I LOVE ROME!
I love Rome and want to return to feel the life of that ancient city again!
With the media attention on Vatican City the past few weeks, I wanted to make some comments about my own journey to beautiful Roma a few years ago. I planned a 10 day Mediterranean Cruise first, followed by a week in Rome. Flights, connections, hotels…I did it all without using a travel agent.
The hotel I found was in in the Pamphili Park area and had a large pool, extensive villa gardens and balcony. Breakfast was included daily and was huge even by American standards! Mounds of fresh rocotta, vegetables, cakes of all kinds, eggs and meats, fresh squeezed orange juice and cappuccino. (There was a free shuttle to and from the Vatican and Metro every 20 minutes.) The daily room price was a fraction of what the cost would be in Central Rome and the view from the balcony was absolutely beautiful, looking out on an old Monestary and Villa’s. Towards the end of the week, it was Italian Independance Day…and as I sat on the balcony, jets flew in formation overhead having just flown over the parade route in front of the Colosseum.
Every day I stopped at a little grocery-deli by the Vatican and bought water, wine, bread, meat and cheese for dinner to eat on my hotel balcony. There was just enough space to fit in the little hotel frig. and allowed my budget to be spent on pizza , gelato and espresso. (I just looked up the current price of a room for 2 with breakfast and it’s still about $100 a night !)
The hotel shuttle dropped and picked up at the Metro closest to the Vatican, a short 2 block walk from the walled compound.
Walk up some stairs, along that tall ancient wall past the Vatican Museum entrance, to the famous columned St. Peters Square. The view takes your breath away.
The vastness of the square! St. Peter’s, where throngs of people have gathered for monumental events! Was I really there?
I noticed an Obelisks (Rome has the most of any city in the World), this one from the city of Alexandria 28-30 BC was brought from Egypt by Caligula. It looked dwarfed by the size of St. Peters and the surrounding massive buildings.
This refuge became my place to rest and people watch while in Rome, sitting under the shade of ancient columns with tourists and local Romans.
Everywhere I wanted to go I could walk to. (You’d be out of your mind to wear anything but walking shoes with the cobbled streets and I never saw an Italian woman in heels.)
There are books that tell how to avoid lines (I never waited in a line), how to look up the days and times when the Vatican Museum and St. Peters are available for visiting (it is a Church). Some things are closed during the extended Roman lunch time, but most are open. If you don’t look these things up ahead of time, something you might want to visit could be closed. (I used the Rome book from Rick Steves and a pocket map as guides.)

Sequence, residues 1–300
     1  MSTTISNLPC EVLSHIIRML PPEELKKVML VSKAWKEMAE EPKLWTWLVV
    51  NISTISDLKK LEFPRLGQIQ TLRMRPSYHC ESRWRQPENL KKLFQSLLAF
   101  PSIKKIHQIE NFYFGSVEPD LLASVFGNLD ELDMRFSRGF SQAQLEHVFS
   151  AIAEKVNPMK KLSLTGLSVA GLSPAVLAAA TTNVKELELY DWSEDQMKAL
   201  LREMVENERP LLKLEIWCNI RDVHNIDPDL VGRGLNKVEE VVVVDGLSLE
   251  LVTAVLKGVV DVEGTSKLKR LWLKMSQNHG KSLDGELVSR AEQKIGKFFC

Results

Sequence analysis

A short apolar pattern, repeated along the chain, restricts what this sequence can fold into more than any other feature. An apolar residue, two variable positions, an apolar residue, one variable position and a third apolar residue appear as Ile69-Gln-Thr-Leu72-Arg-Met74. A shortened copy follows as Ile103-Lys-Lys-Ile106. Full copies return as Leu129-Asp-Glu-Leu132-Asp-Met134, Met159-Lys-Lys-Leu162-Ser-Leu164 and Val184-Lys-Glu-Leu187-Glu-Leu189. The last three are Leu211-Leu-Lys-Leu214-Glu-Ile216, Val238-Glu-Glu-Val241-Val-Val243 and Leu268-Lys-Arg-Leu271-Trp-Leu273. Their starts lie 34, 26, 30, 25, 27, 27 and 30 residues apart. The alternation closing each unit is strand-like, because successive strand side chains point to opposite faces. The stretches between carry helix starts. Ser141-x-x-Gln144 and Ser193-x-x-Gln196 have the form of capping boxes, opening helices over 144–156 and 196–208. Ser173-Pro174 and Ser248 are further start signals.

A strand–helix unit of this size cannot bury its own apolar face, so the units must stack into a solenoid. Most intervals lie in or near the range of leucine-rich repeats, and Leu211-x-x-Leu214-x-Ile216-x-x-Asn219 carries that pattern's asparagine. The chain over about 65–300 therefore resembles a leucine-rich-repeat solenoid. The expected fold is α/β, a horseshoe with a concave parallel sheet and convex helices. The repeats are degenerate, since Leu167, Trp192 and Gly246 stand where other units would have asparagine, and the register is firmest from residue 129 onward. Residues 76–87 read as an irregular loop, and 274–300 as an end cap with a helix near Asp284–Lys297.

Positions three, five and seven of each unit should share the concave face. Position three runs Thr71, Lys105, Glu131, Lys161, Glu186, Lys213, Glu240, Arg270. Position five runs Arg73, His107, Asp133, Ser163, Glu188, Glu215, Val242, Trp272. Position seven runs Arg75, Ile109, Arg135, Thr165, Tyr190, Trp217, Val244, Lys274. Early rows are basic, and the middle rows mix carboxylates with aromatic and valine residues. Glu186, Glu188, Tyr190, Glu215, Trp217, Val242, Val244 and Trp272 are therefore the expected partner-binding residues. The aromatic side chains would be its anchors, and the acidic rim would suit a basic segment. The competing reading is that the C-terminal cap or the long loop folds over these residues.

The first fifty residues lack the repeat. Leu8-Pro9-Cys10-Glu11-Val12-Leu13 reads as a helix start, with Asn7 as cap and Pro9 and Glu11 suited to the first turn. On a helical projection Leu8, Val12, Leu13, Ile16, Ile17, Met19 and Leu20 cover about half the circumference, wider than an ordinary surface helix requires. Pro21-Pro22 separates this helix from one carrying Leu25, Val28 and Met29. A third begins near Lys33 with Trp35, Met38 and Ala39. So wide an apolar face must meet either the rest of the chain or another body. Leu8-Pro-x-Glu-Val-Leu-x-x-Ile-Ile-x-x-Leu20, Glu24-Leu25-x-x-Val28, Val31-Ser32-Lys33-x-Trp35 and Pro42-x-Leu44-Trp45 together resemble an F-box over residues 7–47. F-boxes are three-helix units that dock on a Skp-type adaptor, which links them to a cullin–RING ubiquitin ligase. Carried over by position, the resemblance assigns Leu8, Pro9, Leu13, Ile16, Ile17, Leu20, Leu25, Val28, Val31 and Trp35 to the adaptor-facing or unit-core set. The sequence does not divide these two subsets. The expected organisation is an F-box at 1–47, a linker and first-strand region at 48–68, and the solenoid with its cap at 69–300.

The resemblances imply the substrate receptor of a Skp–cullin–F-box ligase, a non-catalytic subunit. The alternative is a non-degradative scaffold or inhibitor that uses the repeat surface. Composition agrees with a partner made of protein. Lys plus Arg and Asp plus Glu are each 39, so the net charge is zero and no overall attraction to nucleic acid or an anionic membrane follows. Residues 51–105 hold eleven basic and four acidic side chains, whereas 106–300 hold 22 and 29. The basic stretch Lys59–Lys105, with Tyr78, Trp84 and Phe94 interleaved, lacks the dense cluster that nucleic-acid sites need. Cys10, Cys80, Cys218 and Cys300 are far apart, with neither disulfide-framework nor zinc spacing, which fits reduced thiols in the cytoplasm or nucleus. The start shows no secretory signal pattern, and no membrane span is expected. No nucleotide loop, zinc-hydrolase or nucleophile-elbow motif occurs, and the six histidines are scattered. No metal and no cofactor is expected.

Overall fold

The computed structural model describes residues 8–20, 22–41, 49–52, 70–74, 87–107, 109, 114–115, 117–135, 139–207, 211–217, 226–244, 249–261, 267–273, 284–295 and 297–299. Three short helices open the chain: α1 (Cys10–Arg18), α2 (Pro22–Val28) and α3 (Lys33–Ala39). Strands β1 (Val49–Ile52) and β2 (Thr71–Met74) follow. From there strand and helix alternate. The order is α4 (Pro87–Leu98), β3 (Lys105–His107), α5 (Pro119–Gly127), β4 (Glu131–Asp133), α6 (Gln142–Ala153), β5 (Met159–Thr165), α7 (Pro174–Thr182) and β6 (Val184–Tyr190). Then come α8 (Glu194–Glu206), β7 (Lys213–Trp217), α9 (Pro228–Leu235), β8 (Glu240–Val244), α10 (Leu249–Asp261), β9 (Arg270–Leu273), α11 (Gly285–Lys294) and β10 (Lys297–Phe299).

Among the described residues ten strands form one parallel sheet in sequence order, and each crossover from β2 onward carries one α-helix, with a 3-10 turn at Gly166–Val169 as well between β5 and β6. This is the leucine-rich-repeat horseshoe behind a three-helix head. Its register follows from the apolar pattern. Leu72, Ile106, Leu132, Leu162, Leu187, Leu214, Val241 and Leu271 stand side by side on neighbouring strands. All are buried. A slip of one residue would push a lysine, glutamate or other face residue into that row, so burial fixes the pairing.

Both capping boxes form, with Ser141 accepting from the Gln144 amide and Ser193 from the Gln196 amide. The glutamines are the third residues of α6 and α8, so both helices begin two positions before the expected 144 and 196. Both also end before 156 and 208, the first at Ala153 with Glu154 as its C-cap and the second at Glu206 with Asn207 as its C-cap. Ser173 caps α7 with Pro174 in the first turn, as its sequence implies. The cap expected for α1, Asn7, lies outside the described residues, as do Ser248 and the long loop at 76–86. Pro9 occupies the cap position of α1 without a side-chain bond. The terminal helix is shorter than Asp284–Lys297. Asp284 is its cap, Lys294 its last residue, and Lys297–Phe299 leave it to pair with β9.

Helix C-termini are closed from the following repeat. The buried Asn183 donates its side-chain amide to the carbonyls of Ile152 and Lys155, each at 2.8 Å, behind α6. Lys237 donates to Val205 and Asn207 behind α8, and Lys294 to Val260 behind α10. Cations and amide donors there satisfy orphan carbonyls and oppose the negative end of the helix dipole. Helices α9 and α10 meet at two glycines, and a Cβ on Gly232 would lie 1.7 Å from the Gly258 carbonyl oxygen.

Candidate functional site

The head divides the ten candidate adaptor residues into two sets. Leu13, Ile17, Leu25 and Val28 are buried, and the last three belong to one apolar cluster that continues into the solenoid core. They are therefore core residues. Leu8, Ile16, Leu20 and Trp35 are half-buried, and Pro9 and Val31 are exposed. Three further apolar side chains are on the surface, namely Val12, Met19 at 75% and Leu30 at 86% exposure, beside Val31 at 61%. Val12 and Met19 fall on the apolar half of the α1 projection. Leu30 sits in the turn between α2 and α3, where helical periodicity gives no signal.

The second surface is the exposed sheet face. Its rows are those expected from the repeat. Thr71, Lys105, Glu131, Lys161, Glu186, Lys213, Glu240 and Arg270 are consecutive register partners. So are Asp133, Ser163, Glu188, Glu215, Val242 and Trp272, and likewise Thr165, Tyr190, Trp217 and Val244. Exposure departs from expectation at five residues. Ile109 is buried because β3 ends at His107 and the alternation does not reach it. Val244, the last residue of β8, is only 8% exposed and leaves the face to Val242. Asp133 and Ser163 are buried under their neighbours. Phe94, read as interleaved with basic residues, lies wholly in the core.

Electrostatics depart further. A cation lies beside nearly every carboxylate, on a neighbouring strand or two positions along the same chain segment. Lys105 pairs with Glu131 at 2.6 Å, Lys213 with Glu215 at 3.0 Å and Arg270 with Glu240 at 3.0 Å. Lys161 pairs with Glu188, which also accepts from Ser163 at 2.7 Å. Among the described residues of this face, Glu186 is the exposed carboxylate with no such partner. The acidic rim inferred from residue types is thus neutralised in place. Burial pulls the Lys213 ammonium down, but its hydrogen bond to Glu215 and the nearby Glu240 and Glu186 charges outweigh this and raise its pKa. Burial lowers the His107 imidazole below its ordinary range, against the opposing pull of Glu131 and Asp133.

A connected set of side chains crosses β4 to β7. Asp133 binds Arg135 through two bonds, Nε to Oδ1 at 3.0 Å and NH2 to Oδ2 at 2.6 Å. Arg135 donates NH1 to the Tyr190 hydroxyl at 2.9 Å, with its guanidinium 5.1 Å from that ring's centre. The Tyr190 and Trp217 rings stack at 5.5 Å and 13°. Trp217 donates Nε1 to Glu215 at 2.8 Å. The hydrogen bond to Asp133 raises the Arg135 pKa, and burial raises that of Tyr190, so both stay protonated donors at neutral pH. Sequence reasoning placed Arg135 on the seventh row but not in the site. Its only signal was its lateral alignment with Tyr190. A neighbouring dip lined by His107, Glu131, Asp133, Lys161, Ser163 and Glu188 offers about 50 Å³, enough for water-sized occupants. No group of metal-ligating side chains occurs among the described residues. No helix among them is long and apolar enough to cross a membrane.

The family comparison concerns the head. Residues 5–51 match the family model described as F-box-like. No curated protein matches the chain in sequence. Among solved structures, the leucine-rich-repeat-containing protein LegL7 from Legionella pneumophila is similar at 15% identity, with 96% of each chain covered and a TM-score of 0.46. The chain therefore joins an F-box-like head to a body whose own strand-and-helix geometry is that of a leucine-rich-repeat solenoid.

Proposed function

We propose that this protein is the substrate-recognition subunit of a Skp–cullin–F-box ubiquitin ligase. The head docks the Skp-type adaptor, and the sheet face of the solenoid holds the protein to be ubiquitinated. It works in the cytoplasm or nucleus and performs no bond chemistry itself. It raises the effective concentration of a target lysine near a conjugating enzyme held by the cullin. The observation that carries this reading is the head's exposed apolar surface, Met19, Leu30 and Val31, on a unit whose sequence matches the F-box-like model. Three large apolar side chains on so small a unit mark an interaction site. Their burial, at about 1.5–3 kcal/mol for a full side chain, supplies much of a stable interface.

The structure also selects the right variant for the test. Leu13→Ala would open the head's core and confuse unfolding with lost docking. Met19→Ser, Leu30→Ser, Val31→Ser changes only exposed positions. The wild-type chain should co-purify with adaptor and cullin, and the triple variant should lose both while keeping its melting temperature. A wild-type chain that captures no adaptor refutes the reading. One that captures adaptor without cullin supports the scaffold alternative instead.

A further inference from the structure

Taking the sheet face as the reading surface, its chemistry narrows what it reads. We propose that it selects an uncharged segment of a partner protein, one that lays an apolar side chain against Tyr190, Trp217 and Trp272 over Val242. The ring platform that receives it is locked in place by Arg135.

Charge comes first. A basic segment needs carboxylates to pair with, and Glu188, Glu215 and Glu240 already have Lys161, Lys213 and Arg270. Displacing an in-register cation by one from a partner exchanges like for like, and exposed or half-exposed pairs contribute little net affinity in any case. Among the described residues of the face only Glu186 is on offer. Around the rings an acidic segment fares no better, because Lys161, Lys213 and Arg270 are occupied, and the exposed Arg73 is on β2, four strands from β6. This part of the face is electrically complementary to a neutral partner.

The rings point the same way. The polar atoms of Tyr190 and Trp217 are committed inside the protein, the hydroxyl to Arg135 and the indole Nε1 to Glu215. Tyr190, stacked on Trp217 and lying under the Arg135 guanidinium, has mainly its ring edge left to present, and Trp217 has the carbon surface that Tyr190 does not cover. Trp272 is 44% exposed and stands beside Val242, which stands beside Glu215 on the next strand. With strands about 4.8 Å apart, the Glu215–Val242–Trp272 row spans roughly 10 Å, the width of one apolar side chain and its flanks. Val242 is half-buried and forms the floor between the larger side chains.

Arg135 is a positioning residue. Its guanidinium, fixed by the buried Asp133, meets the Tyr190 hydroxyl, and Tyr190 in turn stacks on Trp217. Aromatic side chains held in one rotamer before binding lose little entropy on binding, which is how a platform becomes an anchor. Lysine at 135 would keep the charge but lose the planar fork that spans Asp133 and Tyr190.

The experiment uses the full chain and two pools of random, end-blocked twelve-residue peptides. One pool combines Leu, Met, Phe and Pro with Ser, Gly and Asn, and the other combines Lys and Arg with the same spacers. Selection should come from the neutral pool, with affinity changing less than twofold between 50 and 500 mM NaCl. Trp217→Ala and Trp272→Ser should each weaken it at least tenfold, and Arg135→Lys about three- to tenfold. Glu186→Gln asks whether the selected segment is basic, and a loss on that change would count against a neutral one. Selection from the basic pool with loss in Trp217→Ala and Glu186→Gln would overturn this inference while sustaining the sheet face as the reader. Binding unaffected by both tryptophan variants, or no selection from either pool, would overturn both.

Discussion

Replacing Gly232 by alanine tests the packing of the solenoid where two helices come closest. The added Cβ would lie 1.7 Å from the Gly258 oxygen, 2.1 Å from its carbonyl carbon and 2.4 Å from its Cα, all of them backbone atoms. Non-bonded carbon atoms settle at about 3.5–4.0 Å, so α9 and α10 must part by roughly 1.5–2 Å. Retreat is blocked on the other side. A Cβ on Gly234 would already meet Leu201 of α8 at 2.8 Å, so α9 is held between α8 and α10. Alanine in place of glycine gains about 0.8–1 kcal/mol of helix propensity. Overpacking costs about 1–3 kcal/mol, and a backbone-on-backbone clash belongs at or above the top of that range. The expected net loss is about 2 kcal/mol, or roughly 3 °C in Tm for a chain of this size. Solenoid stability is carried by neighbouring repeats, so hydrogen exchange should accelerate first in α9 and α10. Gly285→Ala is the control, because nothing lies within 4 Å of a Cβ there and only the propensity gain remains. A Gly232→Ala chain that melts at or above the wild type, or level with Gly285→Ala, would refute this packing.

By the Pantheon (noticed another Obelisk from Temple of Ra in Heliopolis) is the fanciest McDonald’s in the World (and it is). The reason I knew the McDonald’s was there is because I plotted out this as a bathroom location. In a city with no Starbucks or fast-food restaurants, knowing where there’s a bathroom is important.
Not far away from the Pantheon is the Trevi Fountain (which I recommend seeing at night when all the beautiful lights are on). The fountain is gorgeous! (You should watch the movies Three Coins in a Fountain and Roman Holiday before going to Rome). Make a wish and throw in your coins, because people still do this.
Churches and cafe’s, fountains and pictures of Audry Hepburn from the movie Roman Holiday tacked on the walls of many shops and restaurants, made the romance of the city all I hoped it would be.
My favorite day was spent wandering through the Vatican Museum, then winding downward to the Sistine Chapel was a big crowd of people packed tightly inside. The guards kept saying “No pictures, no photo’s” which nobody paid any attention to. All arms were raised with cell phones and camera’s held high taking pictures of the ceiling.
Along the side wall running the full length of the chapel, was a clear plastic bench with a back to it. I sat down and removed everyone from the room in my mind, leaving me alone with Michelangelo’s painted ceiling and two gigantic painted masterpieces (one being the Last Judgement) at both ends of the room.
At first, I was surprised at how small the space was inside the chapel. I had seen movies and books about the Sistine Chapel…but to be honest, there is no clear understanding of shape and form without seeing the real thing. The same can be said of St. Peter’s. The vastness of the space is hard to comprehend without being there.
Sound moves in bands like ribbons. The interior is golden-hued with particles of old incense hanging on beams of light. You can’t take a photo and see those things clearly.
It is cool inside. With hundreds of people walking around, you don’t feel that you’re in a crowd at all because the space is so enormous.
No sleeveless shirts, no tank tops and no shorts are allowed.
I like respect. I’m all for it!
The best time of day for watching people is late afternoon. Gelato time! Romans don’t drink coffee with milk at any time but breakfast. If you ask for it you might get a funny look. People stroll in the evening, whole families out and people sitting on benches or visiting with neighbors.
Something about how unassuming Rome was appealed to me. Romans don’t work too hard. They enjoy life!
A typical day might be: Go to work, stop for cafe…have a 2-3 hour lunch, stop again for gelato, go home. This is my idea of a perfect routine!
Add on a 4-6 week vacation every year and why wouldn’t you want to be Roman?!
La Dolce Vita! http://youtu.be/vFyaa5AB2sA (This just makes you feel good! These young men are from Rome)
I want so much to take my granddaughters to Rome, I want to return!